Now having seen all three Cars movies, I’m comfortable coming to the conclusion that these movies just aren’t for me. I don’t find Lightning McQueen to be a particularly interesting protagonist, his world filled with anthropomorphic cars only raises more questions than it answers, and his struggles to win races aren’t all that appealing. The latest outing, Cars 3, is certainly better than the misguided Cars 2, but at the end of the day, it ultimately shakes out to being a nice movie about mentorship and motivation, a concept Pixar explored far better in Monster University. There’s nothing particularly wrong with Cars 3, but there’s also nothing that shows the franchise has found a new gear.
Lightning McQueen (Owen Wilson) is happily racing through the circuit, winning races and being a champion. However, his world is turned upside down when a new breed of racers led by the passive-aggressive Jackson Storm (Armie Hammer) come on the scene. These new racers use superior technology and mathematics to obtain top speeds, and McQueen can’t keep up, especially after a devastating crash. When he resolves to get back on the circuit and become a champion again, he enlists the help of trainer Cruz Ramirez (Cristela Alonzo), but discovers that he might have more to teach her than she has to teach him.
Whereas Cars 2 was really Mater’s (Larry the Cable Guy) story and a bizarre spy tale with Lightning’s race serving as the background, Cars 3 is all about Lightning and his desire to figure out his legacy and his desires. It’s a surprisingly mature movie that really cuts back on a lot of the jokes and wacky humor in favor of telling a story about a character who’s struggling to hold onto his life of racing even as the sport starts to leave him behind. That’s a far cry from the last film where Mater wrestles with a Japanese toilet.
The new film is really about Lightning finding his motivation and discovering that Cruz needs his help more than he needs hers. It’s a predictable direction for the franchise to reach, but it’s still a nice message that reinforces Pixar’s belief that collaboration is the most important lesson its characters can learn. Yes, that does position Cars 3 as yet another Pixar buddy movie, but at least it’s in tune with the studio’s ethos. It acknowledges that technology (represented by Storm) is always going to improve and leave the old ways behind, but that what makes a champion is the willingness to work together and acknowledge those who came before as Lightning and Cruz do when they meet up with the old friends of Doc Hudson (Paul Newman). The studio is basically saying that what makes them the best isn’t that they have the most powerful computers or even the best artists; what makes them the best is that they work together.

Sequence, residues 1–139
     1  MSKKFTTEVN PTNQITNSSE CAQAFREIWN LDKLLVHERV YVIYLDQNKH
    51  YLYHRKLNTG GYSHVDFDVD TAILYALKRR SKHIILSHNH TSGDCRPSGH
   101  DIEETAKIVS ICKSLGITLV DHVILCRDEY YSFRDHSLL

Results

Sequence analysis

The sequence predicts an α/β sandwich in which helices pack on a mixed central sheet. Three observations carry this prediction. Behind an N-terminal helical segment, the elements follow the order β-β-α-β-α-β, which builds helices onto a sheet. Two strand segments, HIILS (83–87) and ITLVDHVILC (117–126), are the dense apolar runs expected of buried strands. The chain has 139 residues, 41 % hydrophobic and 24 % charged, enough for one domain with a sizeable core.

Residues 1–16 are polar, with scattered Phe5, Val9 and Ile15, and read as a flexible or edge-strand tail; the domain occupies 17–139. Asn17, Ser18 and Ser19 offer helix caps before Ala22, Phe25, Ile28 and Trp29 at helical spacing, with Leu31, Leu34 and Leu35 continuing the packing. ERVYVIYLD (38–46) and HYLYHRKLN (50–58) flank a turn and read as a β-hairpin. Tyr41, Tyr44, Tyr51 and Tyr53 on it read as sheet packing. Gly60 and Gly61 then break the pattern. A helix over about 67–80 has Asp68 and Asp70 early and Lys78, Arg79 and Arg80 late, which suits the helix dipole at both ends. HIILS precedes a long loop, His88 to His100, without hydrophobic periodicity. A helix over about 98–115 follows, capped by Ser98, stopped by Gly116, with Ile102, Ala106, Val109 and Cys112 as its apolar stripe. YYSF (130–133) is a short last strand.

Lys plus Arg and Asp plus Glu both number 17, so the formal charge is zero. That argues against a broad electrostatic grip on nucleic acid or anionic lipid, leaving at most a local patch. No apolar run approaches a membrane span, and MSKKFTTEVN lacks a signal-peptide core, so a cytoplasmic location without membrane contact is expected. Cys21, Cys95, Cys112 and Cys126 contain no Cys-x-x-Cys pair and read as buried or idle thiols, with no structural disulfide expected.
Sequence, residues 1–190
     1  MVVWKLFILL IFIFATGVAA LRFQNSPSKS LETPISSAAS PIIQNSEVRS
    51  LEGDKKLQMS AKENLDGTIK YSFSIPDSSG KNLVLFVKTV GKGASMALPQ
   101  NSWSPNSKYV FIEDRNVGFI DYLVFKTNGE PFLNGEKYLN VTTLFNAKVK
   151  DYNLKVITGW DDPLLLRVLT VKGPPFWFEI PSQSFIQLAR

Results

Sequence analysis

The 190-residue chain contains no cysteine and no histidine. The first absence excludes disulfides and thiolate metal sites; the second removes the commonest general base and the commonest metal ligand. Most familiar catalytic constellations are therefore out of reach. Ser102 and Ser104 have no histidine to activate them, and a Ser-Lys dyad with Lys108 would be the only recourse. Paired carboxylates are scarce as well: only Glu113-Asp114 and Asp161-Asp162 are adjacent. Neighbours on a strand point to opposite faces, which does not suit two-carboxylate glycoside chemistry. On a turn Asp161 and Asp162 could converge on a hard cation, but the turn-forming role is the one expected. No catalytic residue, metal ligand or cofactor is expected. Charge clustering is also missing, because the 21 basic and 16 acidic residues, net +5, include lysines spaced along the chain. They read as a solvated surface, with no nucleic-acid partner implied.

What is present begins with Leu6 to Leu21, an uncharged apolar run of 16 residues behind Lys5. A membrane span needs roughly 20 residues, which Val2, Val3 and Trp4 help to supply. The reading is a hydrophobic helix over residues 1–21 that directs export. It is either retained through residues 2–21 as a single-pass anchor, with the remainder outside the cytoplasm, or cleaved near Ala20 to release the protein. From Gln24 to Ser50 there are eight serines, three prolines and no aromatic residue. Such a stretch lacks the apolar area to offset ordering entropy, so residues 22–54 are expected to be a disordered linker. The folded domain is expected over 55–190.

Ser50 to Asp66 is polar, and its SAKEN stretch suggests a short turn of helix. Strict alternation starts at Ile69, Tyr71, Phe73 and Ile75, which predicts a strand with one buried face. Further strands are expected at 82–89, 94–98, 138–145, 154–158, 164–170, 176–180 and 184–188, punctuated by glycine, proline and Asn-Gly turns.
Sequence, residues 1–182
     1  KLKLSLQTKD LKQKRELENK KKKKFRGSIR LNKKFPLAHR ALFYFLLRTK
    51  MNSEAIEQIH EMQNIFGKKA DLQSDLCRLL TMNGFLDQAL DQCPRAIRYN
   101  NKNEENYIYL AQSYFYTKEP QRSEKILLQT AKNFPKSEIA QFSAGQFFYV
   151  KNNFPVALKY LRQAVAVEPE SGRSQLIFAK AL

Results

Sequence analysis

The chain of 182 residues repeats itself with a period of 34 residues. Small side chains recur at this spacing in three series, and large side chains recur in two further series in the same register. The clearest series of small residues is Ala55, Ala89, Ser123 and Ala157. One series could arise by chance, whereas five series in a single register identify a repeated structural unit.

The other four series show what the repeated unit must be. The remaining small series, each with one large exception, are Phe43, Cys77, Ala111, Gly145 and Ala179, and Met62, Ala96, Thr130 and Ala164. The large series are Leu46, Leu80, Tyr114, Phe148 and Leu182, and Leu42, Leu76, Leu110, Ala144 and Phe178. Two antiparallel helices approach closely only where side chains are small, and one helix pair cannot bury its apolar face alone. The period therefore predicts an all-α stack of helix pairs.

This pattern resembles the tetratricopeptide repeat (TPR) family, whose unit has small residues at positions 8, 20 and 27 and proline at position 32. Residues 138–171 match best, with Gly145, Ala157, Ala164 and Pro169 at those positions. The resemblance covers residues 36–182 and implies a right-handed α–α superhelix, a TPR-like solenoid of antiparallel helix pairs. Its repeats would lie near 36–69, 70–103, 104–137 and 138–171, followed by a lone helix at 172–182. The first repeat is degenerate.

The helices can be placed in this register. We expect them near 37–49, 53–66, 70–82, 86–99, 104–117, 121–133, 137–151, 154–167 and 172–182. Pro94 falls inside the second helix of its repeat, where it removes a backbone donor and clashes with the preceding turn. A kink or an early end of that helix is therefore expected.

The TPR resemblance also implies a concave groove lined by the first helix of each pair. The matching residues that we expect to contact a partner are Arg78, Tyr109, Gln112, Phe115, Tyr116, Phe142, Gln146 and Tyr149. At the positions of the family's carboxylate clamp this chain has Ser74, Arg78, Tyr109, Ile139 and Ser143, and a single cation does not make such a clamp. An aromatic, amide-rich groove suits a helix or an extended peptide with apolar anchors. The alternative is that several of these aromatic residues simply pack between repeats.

And that’s a perfectly adequate message for a kids movie, and the kids at my screening were all applauding at the final race, so presumably they were invested in Lightning and Cruz’ story even if there weren’t the easy laughs that a character like Mater provides. It’s a fine movie in terms of what it’s trying to do, the message it’s trying to convey, and the characters involved. But that being said, it’s also not pushing the envelope in the way Pixar used to do.
Cars 3 is probably the safest possible movie Pixar could have made, and I understand that the purpose of the Cars franchise is to sell merchandise rather than tell groundbreaking stories. It’s never been that kind of series even from the first film, which was back during the studio’s heyday. They’re simple stories, kids seem to like them, and that’s apparently good enough for everyone involved. And compared to Cars 2, Cars 3 seems like a towering achievement that’s far more mature. But compared to Pixar’s greatest hits, it feels like the studio is just coasting.
Sadly, we’re right in the midst of a sequel boom for the studio. Finding Dory made over a billion dollars worldwide, and we’ve got The Incredibles 2 and Toy Story 4 on the way with only Coco as the sole original movie announced for their slate. So maybe when Lightning and Cruz find Doc’s old pals, it’s not about the importance of acknowledging those who came before. It may be a message that the future is in the past.